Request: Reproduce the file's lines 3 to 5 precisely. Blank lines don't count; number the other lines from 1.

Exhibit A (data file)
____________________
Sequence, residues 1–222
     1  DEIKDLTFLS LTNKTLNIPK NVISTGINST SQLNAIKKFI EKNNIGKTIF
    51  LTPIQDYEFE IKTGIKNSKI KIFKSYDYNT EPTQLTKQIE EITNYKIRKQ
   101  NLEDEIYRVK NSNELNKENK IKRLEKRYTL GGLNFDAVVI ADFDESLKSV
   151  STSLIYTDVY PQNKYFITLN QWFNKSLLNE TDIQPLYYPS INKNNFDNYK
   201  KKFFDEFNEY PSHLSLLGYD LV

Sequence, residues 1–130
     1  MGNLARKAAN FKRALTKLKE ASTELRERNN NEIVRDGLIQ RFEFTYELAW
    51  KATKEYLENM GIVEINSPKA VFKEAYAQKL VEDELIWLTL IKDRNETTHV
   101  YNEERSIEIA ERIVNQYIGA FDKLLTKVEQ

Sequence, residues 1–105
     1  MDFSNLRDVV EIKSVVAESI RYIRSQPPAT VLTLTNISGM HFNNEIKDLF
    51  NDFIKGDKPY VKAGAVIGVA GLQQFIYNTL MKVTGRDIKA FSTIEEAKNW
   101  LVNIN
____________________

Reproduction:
    51  LTPIQDYEFE IKTGIKNSKI KIFKSYDYNT EPTQLTKQIE EITNYKIRKQ
   101  NLEDEIYRVK NSNELNKENK IKRLEKRYTL GGLNFDAVVI ADFDESLKSV
   151  STSLIYTDVY PQNKYFITLN QWFNKSLLNE TDIQPLYYPS INKNNFDNYK